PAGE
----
Ron Darby was in awe as he walked around the Notre Dame campus last spring. The Potomac (Md.) High standout football player toured the athletic facilities and academic buildings and met some of the Fighting Irish coaches’ families. He felt like a star when younger children asked for an autograph.
Everything felt right. Before he left South Bend, during a meeting in a conference room, Darby told a pair of Notre Dame assistant coaches he would accept a scholarship offer to play for one of college football’s biggest brand names.
The Post's Josh Barr and host B.J. Koubaroulis preview National Signing day with a look at where the DMV's top football stars are expected to sign. (Jan. 31)
(Marvin Joseph/WASHINGTON POST) - Eddie Goldman, wearing a Florida State hat, announces his college pick Wednesday at a ceremony at Friendship Collegiate Academy charter school. Nineteen athletes signed scholarship papers at the school.
Not long ago, that would have marked the end of Darby’s recruitment. The process wouldn’t officially come to a close until the first Wednesday in February, known as national signing day, the first day high school seniors can formally accept scholarship offers by signing a binding National Letter-of-Intent. But an oral commitment such as the one Darby made to Notre Dame was a signal to other schools that a decision had been made and that their recruiting pitches were better directed elsewhere.
These days, however, oral commitments don’t carry the same weight — for rival colleges or for the recruits themselves. As Darby discovered after his commitment, the barrage of letters and phone calls from college coaches, while slowing a little, never stopped. And Darby himself had a wandering eye, taking official campus visits — paid for by the hosting college — not only to Notre Dame, but also to Maryland and Auburn.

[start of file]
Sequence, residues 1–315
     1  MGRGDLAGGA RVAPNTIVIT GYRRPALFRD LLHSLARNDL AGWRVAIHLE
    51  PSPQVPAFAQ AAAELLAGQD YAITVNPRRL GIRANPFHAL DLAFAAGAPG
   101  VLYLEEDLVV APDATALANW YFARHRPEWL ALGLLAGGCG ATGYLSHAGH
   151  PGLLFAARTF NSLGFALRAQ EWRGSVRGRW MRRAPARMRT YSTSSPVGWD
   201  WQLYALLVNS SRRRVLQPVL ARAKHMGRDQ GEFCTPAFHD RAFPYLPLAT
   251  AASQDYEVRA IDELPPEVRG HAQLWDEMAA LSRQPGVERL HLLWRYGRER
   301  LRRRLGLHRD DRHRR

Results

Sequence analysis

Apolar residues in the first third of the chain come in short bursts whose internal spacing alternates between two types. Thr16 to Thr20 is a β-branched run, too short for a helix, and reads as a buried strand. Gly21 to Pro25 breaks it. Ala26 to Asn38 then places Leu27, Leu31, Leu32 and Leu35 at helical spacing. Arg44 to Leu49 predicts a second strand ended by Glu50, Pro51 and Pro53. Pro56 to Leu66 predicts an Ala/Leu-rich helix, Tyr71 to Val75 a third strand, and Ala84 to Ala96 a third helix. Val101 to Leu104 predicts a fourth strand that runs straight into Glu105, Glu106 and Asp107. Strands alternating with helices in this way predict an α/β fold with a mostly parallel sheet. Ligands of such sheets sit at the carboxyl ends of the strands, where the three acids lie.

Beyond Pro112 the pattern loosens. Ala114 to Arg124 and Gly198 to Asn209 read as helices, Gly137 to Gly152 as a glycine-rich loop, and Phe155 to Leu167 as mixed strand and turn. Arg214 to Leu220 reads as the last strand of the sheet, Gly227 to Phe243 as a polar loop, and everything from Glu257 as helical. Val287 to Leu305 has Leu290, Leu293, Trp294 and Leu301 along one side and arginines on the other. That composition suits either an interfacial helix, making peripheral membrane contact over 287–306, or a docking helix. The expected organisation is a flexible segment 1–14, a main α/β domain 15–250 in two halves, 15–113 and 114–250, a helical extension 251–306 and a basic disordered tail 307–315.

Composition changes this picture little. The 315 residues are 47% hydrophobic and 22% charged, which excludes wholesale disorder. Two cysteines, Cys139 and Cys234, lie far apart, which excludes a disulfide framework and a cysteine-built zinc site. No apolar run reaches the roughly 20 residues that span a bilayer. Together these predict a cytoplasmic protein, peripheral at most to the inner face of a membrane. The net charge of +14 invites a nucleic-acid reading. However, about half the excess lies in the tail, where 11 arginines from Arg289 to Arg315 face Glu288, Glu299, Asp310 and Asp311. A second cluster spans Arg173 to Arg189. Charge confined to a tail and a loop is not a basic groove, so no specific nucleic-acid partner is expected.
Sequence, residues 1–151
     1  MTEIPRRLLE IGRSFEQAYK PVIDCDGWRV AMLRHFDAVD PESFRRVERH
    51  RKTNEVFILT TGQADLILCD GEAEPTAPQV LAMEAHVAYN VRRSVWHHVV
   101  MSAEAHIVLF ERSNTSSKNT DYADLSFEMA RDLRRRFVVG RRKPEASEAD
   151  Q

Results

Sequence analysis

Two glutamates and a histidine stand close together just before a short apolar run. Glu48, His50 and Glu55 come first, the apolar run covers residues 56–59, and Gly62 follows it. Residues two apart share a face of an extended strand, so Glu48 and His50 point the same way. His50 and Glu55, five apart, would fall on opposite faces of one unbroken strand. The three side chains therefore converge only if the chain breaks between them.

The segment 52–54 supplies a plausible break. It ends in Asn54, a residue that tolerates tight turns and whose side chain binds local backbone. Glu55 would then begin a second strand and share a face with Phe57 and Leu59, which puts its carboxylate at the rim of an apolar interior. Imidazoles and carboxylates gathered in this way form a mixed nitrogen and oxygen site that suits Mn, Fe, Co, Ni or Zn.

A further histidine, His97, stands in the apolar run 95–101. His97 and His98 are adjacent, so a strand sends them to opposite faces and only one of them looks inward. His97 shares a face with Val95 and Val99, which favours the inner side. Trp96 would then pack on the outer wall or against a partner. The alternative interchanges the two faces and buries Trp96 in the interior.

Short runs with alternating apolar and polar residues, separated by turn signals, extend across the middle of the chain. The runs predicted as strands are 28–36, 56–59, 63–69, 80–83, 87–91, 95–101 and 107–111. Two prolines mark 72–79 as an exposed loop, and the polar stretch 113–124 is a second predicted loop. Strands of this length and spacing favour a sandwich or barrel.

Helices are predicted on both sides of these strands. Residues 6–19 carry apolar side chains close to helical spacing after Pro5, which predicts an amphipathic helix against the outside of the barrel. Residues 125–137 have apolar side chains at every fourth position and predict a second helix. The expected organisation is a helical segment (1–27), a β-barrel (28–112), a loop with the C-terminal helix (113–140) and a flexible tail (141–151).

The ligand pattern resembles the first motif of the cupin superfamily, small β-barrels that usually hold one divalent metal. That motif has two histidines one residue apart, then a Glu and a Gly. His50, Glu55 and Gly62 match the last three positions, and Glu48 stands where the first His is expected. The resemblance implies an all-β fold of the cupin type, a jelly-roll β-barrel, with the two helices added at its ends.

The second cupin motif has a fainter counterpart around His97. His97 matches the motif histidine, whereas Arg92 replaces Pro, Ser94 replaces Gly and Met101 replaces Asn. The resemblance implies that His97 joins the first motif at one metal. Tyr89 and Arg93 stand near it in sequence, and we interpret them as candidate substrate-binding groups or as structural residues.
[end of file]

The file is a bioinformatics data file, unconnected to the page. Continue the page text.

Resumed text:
By January, word spread that Darby was no longer committed to Notre Dame, even though he was still considering the school.
Darby is by no means an exception; at least four other top area players changed their college choices after making “unofficial” commitments during the offseason following the junior season. Nationally, a recent Sports Illustrated report showed over the past five years 14.6 percent of the top 100 players decommitted at some point during the recruiting process.
“It’s the nature of the beast right now in recruiting,” said Penn State assistant coach Larry Johnson, who has landed more than his share of prospects from the Washington area, the latest being DeMatha second-team All-Met tight end-defensive end Brent Wilkerson. “You have 17- and 16-year-old kids making decisions at such an early stage. Like everything else, they have the right to change their minds because it’s not binding. . . . That’s not a bad thing. I’d rather have that than a kid go somewhere and make the wrong decision.”
In the Washington area, a handful of other players have already flipped their college commitments: Friendship Collegiate running back Albert Reid went from West Virginia to Maryland, H.D. Woodson cornerback Kenny Crawley and defensive end De’Jon Wilson went from Tennessee and Kansas, respectively, to Colorado. All of the players made their initial commitments before the season.
And who can forget last year’s signing period drama when DeMatha’s highly coveted tackle Cyrus Kouandjio announced he would sign with Auburn, but never sent his signed letter-of-intent. Three days later, he signed with rival Alabama.